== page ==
Tahoe theater group hits the road with ‘Oliver!’ | SierraSun.com
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Tahoe theater group hits the road with ‘Oliver!’

Jenny Goldsmith/Sierra SunDirector Joe Atack of the Nevada Shakespeare Company paints the set for the production of "Oliver!" The Truckee-Tahoe Airport donated the space to the company for set design.
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The Lake Tahoe Shakespeare Festival, flexing its muscles after declaring its independence earlier this year, will take its first show on the road Friday, when it produces “Oliver!” at the Resort at Squaw Creek.

The musical production will be the first off-season performance by the Incline Village-based theatrical group, which has performed Shakespearean dramas and comedies outdoors at Lake Tahoe’s Sand Harbor since 1976.

Earlier this year, the Lake Tahoe troupe parted ways with the Foothill Theater Company of Grass Valley, which had managed all the festival’s events for many years.



Now, the Incline theatrical company is collaborating with the Nevada Shakespeare Company and the Truckee Tahoe Youth Theater to produce the Charles Dickens “inspired” “Oliver!” and recruit students from the area to participate both onstage and off.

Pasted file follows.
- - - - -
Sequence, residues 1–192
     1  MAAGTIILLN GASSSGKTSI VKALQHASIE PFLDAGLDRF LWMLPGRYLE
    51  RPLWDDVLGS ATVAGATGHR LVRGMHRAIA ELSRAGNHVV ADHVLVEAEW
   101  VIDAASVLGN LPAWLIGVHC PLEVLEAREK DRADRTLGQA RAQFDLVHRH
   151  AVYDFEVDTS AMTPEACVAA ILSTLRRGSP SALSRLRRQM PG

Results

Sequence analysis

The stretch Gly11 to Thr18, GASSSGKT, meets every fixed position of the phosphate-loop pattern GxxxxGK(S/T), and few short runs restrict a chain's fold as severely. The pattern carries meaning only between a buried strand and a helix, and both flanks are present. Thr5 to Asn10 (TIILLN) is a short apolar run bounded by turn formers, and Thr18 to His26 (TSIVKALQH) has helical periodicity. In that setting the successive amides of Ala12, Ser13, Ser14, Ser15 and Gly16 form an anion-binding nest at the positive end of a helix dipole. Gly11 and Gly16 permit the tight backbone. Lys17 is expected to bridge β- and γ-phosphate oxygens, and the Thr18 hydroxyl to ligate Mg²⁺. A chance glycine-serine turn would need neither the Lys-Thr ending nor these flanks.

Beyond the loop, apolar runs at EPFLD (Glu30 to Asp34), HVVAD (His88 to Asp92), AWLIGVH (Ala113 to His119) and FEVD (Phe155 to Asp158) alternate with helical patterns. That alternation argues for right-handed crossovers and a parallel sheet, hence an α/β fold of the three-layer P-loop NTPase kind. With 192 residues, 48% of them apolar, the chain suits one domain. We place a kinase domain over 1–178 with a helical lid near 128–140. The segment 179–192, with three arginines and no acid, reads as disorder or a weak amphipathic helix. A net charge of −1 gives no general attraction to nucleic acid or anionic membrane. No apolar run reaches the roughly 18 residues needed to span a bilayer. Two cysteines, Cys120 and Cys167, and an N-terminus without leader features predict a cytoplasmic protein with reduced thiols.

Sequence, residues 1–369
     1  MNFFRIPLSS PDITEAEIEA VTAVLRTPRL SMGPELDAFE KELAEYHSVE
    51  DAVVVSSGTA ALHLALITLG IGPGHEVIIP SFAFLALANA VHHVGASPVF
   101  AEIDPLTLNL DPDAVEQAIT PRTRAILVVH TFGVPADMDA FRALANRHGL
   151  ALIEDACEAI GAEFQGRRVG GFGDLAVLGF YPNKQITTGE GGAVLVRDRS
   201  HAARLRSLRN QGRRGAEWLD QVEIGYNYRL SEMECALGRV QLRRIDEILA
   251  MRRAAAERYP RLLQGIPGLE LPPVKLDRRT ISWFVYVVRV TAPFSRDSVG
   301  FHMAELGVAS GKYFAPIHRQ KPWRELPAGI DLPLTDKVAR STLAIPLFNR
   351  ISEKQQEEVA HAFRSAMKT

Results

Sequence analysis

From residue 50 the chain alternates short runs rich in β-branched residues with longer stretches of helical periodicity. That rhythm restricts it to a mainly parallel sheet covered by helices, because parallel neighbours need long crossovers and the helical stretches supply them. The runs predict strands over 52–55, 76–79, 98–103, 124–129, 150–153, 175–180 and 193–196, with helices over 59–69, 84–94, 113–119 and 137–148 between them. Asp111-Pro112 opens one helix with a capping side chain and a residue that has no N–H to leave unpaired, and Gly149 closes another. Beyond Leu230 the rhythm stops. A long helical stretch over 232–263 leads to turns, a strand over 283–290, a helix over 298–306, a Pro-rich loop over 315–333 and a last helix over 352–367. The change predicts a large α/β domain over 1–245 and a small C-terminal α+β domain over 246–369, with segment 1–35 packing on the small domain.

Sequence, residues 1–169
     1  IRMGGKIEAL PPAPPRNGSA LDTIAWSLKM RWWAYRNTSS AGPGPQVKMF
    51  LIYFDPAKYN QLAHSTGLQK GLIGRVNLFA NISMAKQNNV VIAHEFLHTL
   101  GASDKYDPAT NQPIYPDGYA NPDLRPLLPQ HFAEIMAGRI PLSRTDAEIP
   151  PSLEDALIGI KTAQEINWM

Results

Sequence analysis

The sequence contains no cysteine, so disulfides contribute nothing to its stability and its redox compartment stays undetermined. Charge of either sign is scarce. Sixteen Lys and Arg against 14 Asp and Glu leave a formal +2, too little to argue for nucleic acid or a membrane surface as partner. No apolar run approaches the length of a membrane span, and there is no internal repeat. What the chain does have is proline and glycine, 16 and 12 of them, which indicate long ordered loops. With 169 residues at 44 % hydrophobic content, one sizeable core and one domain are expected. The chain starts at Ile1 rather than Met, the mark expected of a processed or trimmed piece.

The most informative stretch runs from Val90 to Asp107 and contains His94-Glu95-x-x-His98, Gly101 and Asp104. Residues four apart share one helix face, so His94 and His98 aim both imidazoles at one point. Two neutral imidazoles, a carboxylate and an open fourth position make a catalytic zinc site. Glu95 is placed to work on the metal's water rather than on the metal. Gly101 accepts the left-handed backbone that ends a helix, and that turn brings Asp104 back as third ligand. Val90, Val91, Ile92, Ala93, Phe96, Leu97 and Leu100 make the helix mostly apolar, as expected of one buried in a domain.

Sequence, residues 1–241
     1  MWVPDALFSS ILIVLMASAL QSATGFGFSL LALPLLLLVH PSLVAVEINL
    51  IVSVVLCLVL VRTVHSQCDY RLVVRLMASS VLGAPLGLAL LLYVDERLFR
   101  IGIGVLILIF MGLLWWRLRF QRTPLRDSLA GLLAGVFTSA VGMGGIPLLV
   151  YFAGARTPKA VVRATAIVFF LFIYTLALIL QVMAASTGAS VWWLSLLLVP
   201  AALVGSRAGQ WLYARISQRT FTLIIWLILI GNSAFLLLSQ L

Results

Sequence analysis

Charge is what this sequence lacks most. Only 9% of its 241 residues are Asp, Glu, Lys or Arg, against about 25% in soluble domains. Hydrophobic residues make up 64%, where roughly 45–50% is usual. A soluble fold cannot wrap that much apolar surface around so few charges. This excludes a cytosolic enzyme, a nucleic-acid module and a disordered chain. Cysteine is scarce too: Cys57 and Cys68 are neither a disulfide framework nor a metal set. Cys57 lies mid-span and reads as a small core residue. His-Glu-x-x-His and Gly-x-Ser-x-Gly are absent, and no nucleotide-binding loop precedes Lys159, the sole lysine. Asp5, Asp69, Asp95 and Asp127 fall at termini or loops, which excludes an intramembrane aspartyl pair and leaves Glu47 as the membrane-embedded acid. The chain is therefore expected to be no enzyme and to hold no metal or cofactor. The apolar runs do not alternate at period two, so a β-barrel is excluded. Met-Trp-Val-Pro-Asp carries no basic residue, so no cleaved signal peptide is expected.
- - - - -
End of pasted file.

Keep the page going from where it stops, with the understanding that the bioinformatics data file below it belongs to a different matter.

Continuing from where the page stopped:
The cast will boast nearly 70 local youths, and the show’s music will be performed by a live orchestra featuring performers from around the Tahoe Basin.



“It comes down to providing the kids with a learning and performing experience with professional actors,” said Director Joe Atack of the Nevada Shakespeare Company.

Atack and his colleagues believe a theatrical background helps youth become better rounded.

“It teaches them that things can be resolved by communication rather than violence,” said stage manager Karen Meyer, who has worked with the company for 17 years.

A classically trained actor from England, Atack said the production would not have been possible without community donations.

The Truckee-Tahoe Airport donated a hangar for set design and preparations, Bar 1 in Squaw Valley donated space for rehearsals and the Resort at Squaw Creek has provided an area to host the performance, Atack said.

“It’s all about engaging the community,” he said.


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